The German communique was broadcast at midnight German time. German-speaking stenographers working for various news agencies including UPI and AP took down the communique, translated it into English, and “moved it on the wire.”

The German armed forces communique was usually printed in the morning New York Times and other major newspapers along with the communiques from all the other belligerent powers. If you have a subscription to the Times you can go online to their archives and type in “communique” and a whole lot of them will turn up.

Capture of Lt. Gen. Kurt Dittmar of Magdeburg

from official info of US 30th Infantry Division

“On April 25th, 1945 Lt. Gen. Kurt von Dittmar, German official army news commentator, together with Major Pluskat, Dittmar’s son and two orderlies crossed the Eble River. They crossed at Magdeburg in the zone of the 117th’s Third Battalion [of the 30th Infantry Divison]. Dittmar, the German General Staff radio spokesman, crossed in a boat under a white flag.

He had come, he said, to arrange aid for German wounded on the east bank of the Elbe. It was then discovered he commanded no troops and traveled to the west without the knowledge of the German commander in that sector. Dittmar was then offered to surrender but he refused.

On his way back to recross the river he changed his mind and surrendered along with his son and Major Pluskat, an artillery officer.”

info on the reverse of the photograph above

official history US 30th Infantry Old Hickory Division

 

Here are several communiques from the archives of the New York Times:

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Below is a brief excerpt from my novel, An Honorable German. The phrasing from communiques in the interior monologue of the main character (Max) comes directly from actual German armed forces communiques during WW II. Max is on a train packed with young German soldiers on their way to Russia. In the time line of the novel, it is approximately 23 January 1943 and Max is thinking about the German 6th Army which has been trapped in Stalingrad since November of 1942.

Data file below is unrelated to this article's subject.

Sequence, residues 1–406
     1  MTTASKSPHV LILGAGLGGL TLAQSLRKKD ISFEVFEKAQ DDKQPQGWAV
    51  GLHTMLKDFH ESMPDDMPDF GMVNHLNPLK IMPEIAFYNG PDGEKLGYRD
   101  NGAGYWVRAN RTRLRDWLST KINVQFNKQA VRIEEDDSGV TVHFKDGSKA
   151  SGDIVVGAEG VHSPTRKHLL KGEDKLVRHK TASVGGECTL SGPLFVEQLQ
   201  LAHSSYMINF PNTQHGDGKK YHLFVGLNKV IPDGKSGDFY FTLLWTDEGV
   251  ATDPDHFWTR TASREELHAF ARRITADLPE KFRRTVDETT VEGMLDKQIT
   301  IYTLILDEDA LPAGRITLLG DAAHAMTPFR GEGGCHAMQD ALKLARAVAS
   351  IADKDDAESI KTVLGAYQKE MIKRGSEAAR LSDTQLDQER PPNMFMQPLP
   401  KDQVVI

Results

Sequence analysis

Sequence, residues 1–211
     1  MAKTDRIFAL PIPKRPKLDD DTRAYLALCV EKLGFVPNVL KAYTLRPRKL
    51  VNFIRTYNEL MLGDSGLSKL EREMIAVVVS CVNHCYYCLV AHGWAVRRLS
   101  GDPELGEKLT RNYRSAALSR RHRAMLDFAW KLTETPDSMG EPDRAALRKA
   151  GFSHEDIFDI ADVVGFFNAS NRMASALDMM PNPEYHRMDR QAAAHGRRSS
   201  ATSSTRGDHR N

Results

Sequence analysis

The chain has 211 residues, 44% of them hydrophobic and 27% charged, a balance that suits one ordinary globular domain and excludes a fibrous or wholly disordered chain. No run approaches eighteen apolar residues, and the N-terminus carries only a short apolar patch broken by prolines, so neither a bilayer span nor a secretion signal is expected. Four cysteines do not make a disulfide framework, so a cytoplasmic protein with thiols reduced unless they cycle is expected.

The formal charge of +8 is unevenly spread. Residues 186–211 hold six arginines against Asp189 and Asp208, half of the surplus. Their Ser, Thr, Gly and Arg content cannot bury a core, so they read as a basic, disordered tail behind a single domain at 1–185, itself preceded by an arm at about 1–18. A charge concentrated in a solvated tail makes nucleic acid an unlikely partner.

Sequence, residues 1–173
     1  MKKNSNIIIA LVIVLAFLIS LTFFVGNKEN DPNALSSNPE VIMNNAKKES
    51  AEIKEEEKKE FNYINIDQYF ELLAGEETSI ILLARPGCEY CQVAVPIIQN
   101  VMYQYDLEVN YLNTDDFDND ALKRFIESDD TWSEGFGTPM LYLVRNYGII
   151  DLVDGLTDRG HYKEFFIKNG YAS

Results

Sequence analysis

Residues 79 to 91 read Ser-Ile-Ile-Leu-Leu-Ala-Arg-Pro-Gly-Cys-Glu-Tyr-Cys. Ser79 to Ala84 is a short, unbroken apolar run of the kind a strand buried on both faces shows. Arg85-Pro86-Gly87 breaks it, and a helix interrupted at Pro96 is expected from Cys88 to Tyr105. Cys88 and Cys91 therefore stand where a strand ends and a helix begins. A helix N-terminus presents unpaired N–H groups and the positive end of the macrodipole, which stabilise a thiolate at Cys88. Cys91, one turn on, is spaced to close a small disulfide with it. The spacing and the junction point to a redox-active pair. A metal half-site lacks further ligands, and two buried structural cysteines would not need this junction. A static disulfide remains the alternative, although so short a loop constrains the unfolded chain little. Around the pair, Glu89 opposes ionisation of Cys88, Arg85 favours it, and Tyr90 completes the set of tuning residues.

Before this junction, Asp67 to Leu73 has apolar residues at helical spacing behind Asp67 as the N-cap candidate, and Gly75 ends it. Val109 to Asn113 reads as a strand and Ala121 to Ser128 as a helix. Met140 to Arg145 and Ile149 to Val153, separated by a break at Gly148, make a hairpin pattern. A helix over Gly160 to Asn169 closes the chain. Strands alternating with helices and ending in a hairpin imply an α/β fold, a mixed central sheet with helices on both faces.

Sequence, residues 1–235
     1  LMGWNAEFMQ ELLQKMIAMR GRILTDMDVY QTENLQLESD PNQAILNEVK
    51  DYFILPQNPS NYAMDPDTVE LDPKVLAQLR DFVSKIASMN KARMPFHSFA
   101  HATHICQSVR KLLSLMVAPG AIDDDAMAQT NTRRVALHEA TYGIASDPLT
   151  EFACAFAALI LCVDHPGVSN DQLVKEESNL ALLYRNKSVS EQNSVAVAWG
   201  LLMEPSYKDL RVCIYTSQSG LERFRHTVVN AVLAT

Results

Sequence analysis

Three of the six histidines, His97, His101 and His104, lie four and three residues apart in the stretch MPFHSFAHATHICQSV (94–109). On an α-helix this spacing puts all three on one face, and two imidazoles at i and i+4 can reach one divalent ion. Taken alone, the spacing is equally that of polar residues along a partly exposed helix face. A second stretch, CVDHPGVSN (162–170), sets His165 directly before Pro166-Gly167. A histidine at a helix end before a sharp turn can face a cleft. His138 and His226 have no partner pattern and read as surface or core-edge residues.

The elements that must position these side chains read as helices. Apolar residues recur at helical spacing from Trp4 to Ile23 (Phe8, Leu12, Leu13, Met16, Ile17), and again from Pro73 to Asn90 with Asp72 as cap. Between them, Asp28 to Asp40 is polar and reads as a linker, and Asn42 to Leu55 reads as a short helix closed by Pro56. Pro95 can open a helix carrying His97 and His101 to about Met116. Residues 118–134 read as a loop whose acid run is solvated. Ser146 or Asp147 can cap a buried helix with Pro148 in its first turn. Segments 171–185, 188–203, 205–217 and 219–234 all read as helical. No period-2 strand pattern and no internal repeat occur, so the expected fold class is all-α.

“How would it end? Not well. Most alarming, a few days after Christmas, in his evening radio address, General Dittmar, the voice of the Oberkommando der Wehrmacht, had begun to speak of “heroic resistance” by Six Armee’s brave troops–never an encouraging sign. Everyone in Germany had learned to decipher the High Command’s euphemisms: “grim and sanguinary fighting increasing in violence” meant the line had collapsed and troops were being pushed back under murderous fire with terrible casualties; “bitter and prolonged fighting” meant you were hopelessly surrounded; “heroic resistance” meant you were already dead.”

RAF Spitfires Fighting Italians

RAF Spitfires flying over mountainous country south of Rome

SUPERMARINE SPITFIRES OF THE ROYAL AIR FORCE IN ITALY, JANUARY 1944 (TR 1532) Two Spitfires IX’s of No 241 Squadron, Royal Air Force, MA425/RZ-R' and MH635/RZ-U’ piloted by Flying Officers H Cogman and J V Macdonald respectively flying over mountainous country south of Rome. Copyright: © IWM. Original Source: http://www.iwm.org.uk/collections/item/object/205188815